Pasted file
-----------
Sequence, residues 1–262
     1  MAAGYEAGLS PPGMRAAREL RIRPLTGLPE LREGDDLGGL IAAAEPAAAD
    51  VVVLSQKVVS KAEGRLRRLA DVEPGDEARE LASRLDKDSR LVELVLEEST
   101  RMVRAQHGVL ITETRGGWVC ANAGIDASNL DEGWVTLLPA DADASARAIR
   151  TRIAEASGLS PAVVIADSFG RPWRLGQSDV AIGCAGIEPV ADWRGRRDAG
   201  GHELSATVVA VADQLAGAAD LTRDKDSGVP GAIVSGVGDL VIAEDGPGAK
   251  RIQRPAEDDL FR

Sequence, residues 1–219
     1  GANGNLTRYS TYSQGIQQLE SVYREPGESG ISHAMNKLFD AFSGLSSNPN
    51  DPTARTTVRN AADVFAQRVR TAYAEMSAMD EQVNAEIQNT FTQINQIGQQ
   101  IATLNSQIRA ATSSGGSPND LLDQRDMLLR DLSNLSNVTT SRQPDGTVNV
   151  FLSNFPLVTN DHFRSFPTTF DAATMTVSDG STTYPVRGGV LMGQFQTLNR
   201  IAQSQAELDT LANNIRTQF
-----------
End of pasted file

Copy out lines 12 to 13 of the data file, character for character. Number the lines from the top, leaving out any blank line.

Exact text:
   151  FLSNFPLVTN DHFRSFPTTF DAATMTVSDG STTYPVRGGV LMGQFQTLNR
   201  IAQSQAELDT LANNIRTQF